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Books, Interviews

It’s love and it’s Australian and it’s here: an interview with Donna Ward

by S.A. Jones , August 12, 20131 Comment

Donna Ward

I married eight weeks ago. Earnestly searching for the right words at the right moment with the right man, I pleaded help from poetry aficionado and friend Donna Ward. Donna, in turn, asked Mark Tredennick – a poet I had met when we were co-panellists at a writers’ festival a few years ago – and he suggested a piece by Rainer Marie Rilke. The piece was perfect. I used an extract on our invitations and my darling dad read the piece in full during the ceremony.

For people not lucky enough to have poets and their patrons on speed dial, there is now Australian Love Poems 2013, the first imprint from Donna Ward’s Inkerman and Blunt publishing house. ‘Really?’, I asked Donna when she told me of her new venture. ‘With all the doom-saying about traditional publishing you’re opening a press and starting off with poetry?’

‘You might say I’m like a salmon that instinctively swims upstream toward the ecstasy of creation. It appears the hardest way to get there. But the truth is, I ache to create books. I have always loved reading books, but more than that, I’ve loved them to have and to hold. They have filled the shelves of every house I’ve ever lived in and now I would say they are my home. My books, in many ways are an extension of me, contain and have taught me everything I know, everything I have come to believe’.

The passion Donna evinces for creation is sublimely evident in the book which is a strikingly beautiful object. The black cover with its copper-gold design is not what one immediately expects from a book of love poems, but it works. And how. As Donna explains:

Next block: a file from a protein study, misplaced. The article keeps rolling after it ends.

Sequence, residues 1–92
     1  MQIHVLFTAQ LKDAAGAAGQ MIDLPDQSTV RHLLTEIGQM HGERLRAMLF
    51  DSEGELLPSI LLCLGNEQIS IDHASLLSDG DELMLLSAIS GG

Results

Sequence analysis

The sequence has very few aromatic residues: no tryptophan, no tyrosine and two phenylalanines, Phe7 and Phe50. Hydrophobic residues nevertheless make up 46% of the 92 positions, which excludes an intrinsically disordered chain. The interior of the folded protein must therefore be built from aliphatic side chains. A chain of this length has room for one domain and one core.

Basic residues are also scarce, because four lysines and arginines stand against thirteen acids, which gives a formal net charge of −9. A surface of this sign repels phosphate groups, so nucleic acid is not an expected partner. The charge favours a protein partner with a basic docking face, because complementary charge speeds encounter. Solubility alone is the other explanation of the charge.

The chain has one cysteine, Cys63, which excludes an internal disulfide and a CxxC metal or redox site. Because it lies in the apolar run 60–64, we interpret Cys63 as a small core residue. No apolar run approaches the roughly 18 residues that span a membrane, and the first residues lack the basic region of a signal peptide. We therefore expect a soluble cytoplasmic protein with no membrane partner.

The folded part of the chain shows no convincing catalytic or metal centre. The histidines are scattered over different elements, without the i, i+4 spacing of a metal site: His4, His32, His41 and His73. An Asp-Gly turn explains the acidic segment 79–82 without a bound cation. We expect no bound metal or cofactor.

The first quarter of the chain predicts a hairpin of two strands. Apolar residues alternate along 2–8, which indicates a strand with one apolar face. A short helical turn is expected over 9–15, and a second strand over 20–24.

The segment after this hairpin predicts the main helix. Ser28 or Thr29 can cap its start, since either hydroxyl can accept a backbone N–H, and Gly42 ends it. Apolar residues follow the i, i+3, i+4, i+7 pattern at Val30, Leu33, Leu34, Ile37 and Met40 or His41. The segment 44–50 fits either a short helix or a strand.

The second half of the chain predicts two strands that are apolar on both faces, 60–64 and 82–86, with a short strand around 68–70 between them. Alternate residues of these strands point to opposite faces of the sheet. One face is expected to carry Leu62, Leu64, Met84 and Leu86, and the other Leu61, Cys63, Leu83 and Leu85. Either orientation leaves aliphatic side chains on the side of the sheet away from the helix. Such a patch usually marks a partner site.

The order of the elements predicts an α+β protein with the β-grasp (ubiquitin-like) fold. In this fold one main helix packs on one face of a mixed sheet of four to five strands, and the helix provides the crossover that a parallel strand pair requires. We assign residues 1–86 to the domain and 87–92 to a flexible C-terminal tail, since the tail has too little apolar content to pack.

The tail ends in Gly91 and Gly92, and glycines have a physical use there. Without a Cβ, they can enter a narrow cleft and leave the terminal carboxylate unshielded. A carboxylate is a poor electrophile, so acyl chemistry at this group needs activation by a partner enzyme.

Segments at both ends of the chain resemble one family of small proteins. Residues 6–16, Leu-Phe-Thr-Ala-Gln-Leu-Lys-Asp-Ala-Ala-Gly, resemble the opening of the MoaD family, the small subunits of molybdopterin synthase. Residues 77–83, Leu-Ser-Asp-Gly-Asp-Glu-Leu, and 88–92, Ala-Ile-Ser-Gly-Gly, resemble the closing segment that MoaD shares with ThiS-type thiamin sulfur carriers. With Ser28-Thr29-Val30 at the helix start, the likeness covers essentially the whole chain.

‘It was so tempting to go for something pink and throbbing with hearts, lipstick, lace and roses and a dash of eucalyptus or waratah to indicate some kind of Australiana. But it struck me that if Australians were to turn to this book when they needed words that resonate with their kind of love, it needed to be elegant, it had to have an eternal feel to it, something that suggested it held real wisdom within its pages’.

Poet Mark Tredennick edited the collection, whittling down the 1500 submissions to just 200. The love they speak of is a specific love. It is (mostly) not the love of parent for a child, of old friends for one another, of self-love and the perils of its absence. Instead, this is romantic love in all its heaving, sweaty, painful, surprising poses.

The collection is composed of ten parts which explore the metamorphoses of romantic love; from the heady shock of recognition (‘Unruly Days’) through the inevitability of trial (‘But I have known you in the winter, too’) to loss (‘We outgrow love like other things’) and bittersweet recollection (‘There is another universe in which our song is not yet finished’). For anyone who approaches poetry with trepidation (and I admit to being one), there’s nothing to fear about Love. Yes, there are oblique poems in the collection (much like love itself I guess). But equally there are wry and funny poems (‘That sort of poem’ by Yann Toussaint made me snort-laugh), poems reverberating with grief (‘Oranges’ by Dennis Haskell and ‘Le Petite Mort’ by Kate Lumley sent my hand fluttering to my heart), and poems so passionate you feel you’ve blundered into a private moment (‘On her wedding day’ by Michael Crane).

By my second read-through of Love Poems my attitude had shifted from ‘what was Donna thinking?’ to ‘why didn’t someone think of this before?’ Whether we relish or suffer it, love is universal. It remains one of the few experiences that we ritualise. So how wonderful to have a collection about love in a lexicon that is our own. For this collection really is Australian love. As Donna puts it

‘We Australians paint ourselves as a nation of people who express love in awkward minimal tones, yet I have met many romantic Australians who express their love in well chosen words said in warm and dusty tones by still deep waters and against an ancient and unrelentingly passionate landscape. We simply don’t have a collection of work that shows us Australians how we love, and how we express our love differently to other people and I wanted to create a space in our literary landscape devoted to how we do love; to create books that people could turn to when they are in love and lost for words and want an Australian voice to guide them’.

And here it is.

S.A. Jones is a regular contributor to Kill Your Darlings, author of the novel Red Dress Walking and an Editorial Board member of the Margaret River Press. 

  • Suzannah Marshall Macbeth

    Sounds lovely! The perfect engagement gift that might save us from some of the truly awful wedding poetry that’s out there.

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